Workers around the world, commemorate the struggles to win their rights and highlight the need to strengthen the rights of all workers on 1 May, in the capitalist economic paradigm that prevails. In Sri Lanka, trade unions, political parties, community based organisations will also celebrate International Workers’ Day on 1 May, with widespread publicly demands for better working conditions for all workers.
This year, Sri Lankan trade unions are planning to highlight the rights of women workers as part of the issues that will be raised in the workers’ rallies on 1 May. A number of trade union women members will be raising banners and placards focusing on women workers’ rights in Sri Lanka.
This would be a unique event for public recognition of the economic and social value of women’s labour in all sectors of society.
In the recent past, there has been little recognition of the contribution of women who comprise 31.8% of the labour force. Should the economic value of women’s labour within households also be valued, undoubtedly, the assessment of the economic contribution of women’s labour would increase several fold.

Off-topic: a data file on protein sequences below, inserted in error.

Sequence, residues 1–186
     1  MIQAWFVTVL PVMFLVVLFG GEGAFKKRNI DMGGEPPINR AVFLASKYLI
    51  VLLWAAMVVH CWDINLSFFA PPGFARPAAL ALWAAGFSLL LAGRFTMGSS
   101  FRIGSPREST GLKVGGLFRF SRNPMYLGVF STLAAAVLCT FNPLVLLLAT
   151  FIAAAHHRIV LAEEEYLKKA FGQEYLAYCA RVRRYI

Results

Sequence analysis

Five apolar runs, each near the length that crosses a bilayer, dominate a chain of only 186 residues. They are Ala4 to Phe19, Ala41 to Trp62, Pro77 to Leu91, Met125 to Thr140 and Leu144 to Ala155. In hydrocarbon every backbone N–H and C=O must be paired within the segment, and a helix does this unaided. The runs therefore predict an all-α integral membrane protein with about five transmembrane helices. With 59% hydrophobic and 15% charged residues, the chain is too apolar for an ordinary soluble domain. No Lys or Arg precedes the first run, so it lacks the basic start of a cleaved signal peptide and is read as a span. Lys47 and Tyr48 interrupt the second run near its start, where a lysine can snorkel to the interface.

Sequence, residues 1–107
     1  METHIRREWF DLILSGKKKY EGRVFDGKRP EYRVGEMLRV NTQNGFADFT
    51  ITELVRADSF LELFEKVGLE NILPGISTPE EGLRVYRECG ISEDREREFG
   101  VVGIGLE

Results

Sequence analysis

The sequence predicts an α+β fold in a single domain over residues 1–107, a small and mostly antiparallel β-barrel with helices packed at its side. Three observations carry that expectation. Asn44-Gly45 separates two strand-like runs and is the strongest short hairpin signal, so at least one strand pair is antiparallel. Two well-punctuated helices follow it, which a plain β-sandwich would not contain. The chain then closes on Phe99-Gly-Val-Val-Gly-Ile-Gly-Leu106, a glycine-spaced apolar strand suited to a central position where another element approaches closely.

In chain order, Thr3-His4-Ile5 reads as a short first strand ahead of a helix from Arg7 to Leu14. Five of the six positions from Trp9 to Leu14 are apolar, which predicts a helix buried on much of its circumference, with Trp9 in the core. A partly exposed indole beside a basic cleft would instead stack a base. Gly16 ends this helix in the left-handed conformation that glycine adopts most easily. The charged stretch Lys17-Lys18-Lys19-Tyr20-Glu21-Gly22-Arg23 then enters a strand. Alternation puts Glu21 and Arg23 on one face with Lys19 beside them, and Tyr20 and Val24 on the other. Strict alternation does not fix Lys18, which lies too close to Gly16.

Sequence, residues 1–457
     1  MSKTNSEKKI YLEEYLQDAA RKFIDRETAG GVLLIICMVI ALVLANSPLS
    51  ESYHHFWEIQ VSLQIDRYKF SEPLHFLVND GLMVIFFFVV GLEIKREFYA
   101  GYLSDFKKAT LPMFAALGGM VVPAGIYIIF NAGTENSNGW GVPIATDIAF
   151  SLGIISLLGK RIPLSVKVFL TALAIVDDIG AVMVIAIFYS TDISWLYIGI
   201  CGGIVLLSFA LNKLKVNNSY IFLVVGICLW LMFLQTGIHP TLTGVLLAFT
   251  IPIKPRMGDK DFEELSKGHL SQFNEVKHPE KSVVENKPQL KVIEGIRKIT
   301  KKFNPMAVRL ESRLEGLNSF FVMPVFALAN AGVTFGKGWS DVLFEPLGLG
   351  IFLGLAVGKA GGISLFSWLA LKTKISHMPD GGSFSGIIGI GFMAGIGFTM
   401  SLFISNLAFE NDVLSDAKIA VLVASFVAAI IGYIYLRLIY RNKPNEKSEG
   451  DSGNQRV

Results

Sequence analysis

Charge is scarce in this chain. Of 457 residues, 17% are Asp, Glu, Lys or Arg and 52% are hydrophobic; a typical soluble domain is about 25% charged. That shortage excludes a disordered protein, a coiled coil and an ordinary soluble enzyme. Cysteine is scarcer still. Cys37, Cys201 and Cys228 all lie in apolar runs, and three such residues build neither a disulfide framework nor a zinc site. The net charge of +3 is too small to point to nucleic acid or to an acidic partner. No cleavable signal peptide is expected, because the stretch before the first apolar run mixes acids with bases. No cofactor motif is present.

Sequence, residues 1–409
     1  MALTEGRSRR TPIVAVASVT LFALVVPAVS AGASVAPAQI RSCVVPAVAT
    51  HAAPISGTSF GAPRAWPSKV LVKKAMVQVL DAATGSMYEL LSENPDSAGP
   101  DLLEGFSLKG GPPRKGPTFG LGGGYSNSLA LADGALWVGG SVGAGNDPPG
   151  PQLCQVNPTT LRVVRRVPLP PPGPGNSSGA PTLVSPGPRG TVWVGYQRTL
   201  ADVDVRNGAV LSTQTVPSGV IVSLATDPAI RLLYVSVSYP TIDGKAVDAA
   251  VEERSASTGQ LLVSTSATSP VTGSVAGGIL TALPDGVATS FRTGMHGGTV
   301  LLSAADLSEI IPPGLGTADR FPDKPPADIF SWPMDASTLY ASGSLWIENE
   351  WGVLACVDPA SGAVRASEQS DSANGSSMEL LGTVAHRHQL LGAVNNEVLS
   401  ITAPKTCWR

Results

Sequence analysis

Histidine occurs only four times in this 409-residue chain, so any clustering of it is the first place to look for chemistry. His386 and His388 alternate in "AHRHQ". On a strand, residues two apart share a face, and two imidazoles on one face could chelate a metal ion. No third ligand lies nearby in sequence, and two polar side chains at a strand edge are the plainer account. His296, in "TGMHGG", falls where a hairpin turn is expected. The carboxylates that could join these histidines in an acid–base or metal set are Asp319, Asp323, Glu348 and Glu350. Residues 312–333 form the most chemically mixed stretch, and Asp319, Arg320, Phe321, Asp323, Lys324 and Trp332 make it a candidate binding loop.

Recognising and protecting the rights of women is an issue that needs to be addressed urgently, given that the country earns the bulk of its foreign exchange income through the labour of women in the plantation sector, in the free trade zone and through remittances of their earnings working in countries West Asia and in other parts of the world.
May Day should also bring into focus the rights of millions of women who perform critical economic activities in the informal sector where there is little or no protection of labour rights, adequate working conditions or worker safety regulations.
Recognising workers’ rights on May Day must include the rights of all working women in the formal industrialised sector, the home-based sector as well as the informal sector.